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Jays ride Hutchison’s one-hitter to even series with Os

Toronto Blue Jays starting pitcher Drew Hutchison throws against the Baltimore Orioles during first inning AL baseball game action in Toronto Wednesday August 6, 2014.


Drew Hutchison gave Toronto Blue Jays manager John Gibbons just what he was looking for.

The Blue Jays pitcher pulled a masterful one-hit performance seemingly out of nowhere Wednesday night to halt the Baltimore Orioles 5-1 in front of 33,054 fans at the Rogers Centre. That snapped a four-game losing streak and evened the series with the American League East Division leaders at one game each with the rubber match Thursday night.

The Blue Jay offence contributed to the sense of the unusual by scoring all five of their runs through the first six innings with two outs. That kind of clutch hitting has also been a rare sight for Blue Jay fans over the last few months.

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Before the game, Gibbons was fretting a little about his starting pitching. Veteran Mark Buehrle was rocked again Tuesday night in the series opener by the Orioles, extending the team's losing streak and his personal stretch of futility to seven losses in his last eight decisions going back to June 7.

If the Jays were to get back in the series let alone get back to making a serious run at the lead in the American League East, the starters had to get it together. "You need them all to be good; everybody to get on a little bit of a roll," Gibbons said when someone asked if Buehrle and fellow veteran R.A. Dickey needed to step up as an example to their younger colleagues.

"For a while there we were doing that," Gibbons said. "It's getting to that time of year. They're getting worn down."

When it came to stepping up, no one was looking at the 23-year-old Hutchison. He has had his moments this season but not many of late. Hutchison came into the game with just one decent start in his last five. In two of his last three starts, he never made it past the third inning.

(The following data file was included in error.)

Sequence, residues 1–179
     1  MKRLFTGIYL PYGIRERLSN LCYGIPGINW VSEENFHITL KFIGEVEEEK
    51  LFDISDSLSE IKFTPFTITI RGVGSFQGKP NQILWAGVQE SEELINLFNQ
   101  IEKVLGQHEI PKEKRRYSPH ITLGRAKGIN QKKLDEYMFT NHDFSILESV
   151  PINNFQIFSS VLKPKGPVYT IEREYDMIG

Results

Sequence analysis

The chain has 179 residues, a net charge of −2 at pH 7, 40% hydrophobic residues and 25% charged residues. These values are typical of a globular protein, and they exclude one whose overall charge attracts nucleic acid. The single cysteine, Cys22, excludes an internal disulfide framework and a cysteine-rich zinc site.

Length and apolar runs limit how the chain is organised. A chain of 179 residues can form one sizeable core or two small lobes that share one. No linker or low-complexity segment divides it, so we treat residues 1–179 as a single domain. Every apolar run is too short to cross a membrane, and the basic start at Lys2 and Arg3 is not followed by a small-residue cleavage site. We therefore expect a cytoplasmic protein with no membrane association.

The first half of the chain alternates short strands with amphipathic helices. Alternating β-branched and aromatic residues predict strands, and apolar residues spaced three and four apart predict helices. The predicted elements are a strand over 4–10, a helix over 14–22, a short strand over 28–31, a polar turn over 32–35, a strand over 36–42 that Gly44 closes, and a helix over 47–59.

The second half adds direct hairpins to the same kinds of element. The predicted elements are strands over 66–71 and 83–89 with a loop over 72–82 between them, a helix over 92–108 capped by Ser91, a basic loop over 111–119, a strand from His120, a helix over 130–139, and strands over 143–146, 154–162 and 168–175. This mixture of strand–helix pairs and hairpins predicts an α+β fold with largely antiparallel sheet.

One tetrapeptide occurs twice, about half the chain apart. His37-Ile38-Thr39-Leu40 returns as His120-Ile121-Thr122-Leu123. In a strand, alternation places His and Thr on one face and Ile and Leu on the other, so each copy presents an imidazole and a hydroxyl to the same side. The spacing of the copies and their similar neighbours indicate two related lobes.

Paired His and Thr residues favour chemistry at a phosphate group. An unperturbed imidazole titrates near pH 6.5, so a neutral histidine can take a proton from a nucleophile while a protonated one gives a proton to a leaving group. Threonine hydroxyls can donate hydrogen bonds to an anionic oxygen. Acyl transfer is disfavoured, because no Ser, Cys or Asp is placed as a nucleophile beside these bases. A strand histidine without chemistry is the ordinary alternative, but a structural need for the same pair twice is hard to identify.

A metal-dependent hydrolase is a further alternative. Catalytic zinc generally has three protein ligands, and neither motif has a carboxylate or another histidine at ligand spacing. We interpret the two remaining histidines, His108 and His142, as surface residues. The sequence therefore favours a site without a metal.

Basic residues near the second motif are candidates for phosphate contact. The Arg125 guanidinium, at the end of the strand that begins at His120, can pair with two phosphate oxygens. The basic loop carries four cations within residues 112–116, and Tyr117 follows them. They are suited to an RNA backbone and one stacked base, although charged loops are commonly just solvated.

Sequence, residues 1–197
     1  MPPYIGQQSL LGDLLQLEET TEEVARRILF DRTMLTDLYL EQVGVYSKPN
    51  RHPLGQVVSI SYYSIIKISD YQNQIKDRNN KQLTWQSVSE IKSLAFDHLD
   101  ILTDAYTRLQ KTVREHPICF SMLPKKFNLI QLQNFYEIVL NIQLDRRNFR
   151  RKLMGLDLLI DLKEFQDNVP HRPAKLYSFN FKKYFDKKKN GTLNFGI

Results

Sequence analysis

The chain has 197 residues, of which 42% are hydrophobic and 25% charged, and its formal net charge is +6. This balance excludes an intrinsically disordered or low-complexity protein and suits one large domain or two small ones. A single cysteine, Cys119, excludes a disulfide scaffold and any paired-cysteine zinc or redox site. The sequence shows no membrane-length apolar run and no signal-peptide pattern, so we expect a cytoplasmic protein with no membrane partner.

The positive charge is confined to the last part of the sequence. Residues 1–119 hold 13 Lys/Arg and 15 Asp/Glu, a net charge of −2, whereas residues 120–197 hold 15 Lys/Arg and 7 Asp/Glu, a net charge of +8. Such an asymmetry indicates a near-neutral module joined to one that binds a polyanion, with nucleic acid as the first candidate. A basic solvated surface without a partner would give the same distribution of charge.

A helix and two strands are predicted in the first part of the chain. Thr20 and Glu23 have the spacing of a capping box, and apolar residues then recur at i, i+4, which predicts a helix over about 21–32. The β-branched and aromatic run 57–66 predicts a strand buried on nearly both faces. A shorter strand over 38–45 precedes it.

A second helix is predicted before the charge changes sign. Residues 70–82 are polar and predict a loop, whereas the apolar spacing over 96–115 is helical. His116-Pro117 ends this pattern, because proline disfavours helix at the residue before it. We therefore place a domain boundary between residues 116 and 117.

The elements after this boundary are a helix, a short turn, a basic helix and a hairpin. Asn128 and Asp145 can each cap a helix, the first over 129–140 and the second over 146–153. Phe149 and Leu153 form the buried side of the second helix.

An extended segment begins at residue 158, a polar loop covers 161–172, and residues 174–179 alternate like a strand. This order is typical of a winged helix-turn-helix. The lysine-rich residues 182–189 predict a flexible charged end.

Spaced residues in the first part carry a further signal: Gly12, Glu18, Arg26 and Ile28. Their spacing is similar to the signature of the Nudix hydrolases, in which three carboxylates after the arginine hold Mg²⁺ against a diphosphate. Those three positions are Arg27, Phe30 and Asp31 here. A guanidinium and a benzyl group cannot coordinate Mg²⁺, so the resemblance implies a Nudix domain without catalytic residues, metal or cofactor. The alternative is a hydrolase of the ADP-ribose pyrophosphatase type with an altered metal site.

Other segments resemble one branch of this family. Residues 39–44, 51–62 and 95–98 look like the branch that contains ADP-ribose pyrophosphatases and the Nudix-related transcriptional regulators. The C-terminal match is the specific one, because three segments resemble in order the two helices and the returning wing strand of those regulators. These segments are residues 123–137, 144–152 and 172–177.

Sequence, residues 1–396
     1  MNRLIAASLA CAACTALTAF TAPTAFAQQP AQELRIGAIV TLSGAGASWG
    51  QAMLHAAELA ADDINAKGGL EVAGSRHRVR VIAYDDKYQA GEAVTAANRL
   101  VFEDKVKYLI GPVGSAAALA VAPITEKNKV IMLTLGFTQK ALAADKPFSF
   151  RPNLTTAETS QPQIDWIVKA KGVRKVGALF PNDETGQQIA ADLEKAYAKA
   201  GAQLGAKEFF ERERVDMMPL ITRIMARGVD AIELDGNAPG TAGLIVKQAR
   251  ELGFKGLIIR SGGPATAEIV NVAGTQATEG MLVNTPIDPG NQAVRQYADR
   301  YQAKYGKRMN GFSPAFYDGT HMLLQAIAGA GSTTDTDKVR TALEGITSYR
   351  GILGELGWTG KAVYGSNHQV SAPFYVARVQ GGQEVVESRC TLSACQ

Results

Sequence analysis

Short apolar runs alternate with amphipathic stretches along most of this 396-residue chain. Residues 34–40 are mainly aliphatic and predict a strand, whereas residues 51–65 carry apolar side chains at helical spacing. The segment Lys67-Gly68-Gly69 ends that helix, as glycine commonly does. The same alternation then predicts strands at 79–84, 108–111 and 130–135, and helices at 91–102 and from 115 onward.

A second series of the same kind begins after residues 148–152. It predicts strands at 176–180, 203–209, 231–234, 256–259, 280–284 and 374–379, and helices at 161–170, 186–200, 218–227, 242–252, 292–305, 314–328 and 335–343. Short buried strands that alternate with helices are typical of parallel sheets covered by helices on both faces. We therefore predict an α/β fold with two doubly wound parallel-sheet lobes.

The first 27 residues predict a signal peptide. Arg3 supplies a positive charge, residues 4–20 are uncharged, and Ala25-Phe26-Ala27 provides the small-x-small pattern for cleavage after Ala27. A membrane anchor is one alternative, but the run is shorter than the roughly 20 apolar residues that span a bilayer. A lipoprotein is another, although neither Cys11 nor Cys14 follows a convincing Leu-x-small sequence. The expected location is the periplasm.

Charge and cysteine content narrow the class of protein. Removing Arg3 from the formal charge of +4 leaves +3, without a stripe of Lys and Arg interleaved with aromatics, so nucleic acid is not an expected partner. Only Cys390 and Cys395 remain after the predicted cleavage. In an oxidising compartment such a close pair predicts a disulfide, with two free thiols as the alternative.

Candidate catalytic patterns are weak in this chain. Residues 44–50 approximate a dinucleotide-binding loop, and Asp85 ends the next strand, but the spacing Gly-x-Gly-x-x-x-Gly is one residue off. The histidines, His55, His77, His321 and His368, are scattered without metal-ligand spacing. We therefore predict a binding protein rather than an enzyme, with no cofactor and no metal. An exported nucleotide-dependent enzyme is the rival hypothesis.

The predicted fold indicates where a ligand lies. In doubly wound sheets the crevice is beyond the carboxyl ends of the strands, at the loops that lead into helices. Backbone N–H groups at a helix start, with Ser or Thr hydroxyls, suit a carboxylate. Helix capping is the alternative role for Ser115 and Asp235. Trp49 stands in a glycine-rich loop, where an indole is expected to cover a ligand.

But this time around, Hutchison was in command right from the start when he retired the Orioles in order in the first inning. His teammates returned the favour in short order by giving him a 2-0 lead to start the second inning, when Hutchison made his only big mistake of the game by serving up a solo home run to Baltimore first baseman Chris Davis after having him at 0-2 at one point.

After the Orioles got two outs in the first, the Blue Jays rapped out three consecutive base hits, from DH Nolan Reimold, catcher Dioner Navarro and first baseman Danny Valencia, to take a lead they never surrendered.

The biggest bat was wielded by right fielder Jose Bautista, who drove in three of those two-out five runs. He drilled a two-run homer in the second inning, his 22nd of the season, and doubled in third baseman Munenori Kawasaki in the sixth to put Toronto ahead 5-1.

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By that time, Hutchison (8-9) was cruising and the Davis home run proved to be the only hit he allowed in eight and two-thirds innings. After Davis, Hutchison retired 22 consecutive Orioles through the ninth inning with eight strikeouts and just one walk.

When Hutchison struck out the first two batters in the ninth, the fans were on their feet and roaring for the final out. But he walked right fielder Nick Markikis, which brought out Gibbons, who was showered with boos for pulling Hutchison. Casey Janssen closed out the game by getting third baseman Manny Machado on a foul pop-up.

Evening the series with the Orioles at one game each was the kind of good news the Blue Jays needed, since once again there wasn't much on the injury front. Third baseman Brett Lawrie was held out of the game with back problems and while Gibbons is hopeful the injury is not serious, the results of a magnetic resonance imaging test Lawrie underwent Tuesday were not immediately available.

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About the Author
Hockey columnist

A native of Wainfleet, Ont., David Shoalts joined The Globe in 1984 after working at the Calgary Herald, Calgary Sun and Toronto Sun. He graduated in 1978 from Conestoga College and also attended the University of Waterloo. More


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